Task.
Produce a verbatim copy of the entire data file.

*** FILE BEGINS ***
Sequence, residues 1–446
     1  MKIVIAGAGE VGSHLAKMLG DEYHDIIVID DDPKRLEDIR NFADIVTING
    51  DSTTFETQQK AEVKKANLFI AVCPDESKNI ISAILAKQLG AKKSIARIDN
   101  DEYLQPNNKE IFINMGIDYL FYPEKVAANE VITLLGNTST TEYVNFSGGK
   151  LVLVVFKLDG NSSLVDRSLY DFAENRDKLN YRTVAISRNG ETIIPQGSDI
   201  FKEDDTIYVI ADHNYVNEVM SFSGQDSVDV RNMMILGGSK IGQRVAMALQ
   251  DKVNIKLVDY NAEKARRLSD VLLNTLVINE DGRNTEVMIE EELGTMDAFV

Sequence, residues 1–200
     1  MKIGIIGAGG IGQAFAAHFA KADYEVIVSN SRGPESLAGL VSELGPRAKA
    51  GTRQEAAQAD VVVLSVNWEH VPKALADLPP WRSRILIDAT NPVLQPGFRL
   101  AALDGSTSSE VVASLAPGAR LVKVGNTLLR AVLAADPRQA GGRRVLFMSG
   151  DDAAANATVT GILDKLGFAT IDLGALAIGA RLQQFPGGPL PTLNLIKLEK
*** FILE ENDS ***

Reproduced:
Sequence, residues 1–446
     1  MKIVIAGAGE VGSHLAKMLG DEYHDIIVID DDPKRLEDIR NFADIVTING
    51  DSTTFETQQK AEVKKANLFI AVCPDESKNI ISAILAKQLG AKKSIARIDN
   101  DEYLQPNNKE IFINMGIDYL FYPEKVAANE VITLLGNTST TEYVNFSGGK
   151  LVLVVFKLDG NSSLVDRSLY DFAENRDKLN YRTVAISRNG ETIIPQGSDI
   201  FKEDDTIYVI ADHNYVNEVM SFSGQDSVDV RNMMILGGSK IGQRVAMALQ
   251  DKVNIKLVDY NAEKARRLSD VLLNTLVINE DGRNTEVMIE EELGTMDAFV

Sequence, residues 1–200
     1  MKIGIIGAGG IGQAFAAHFA KADYEVIVSN SRGPESLAGL VSELGPRAKA
    51  GTRQEAAQAD VVVLSVNWEH VPKALADLPP WRSRILIDAT NPVLQPGFRL
   101  AALDGSTSSE VVASLAPGAR LVKVGNTLLR AVLAADPRQA GGRRVLFMSG
   151  DDAAANATVT GILDKLGFAT IDLGALAIGA RLQQFPGGPL PTLNLIKLEK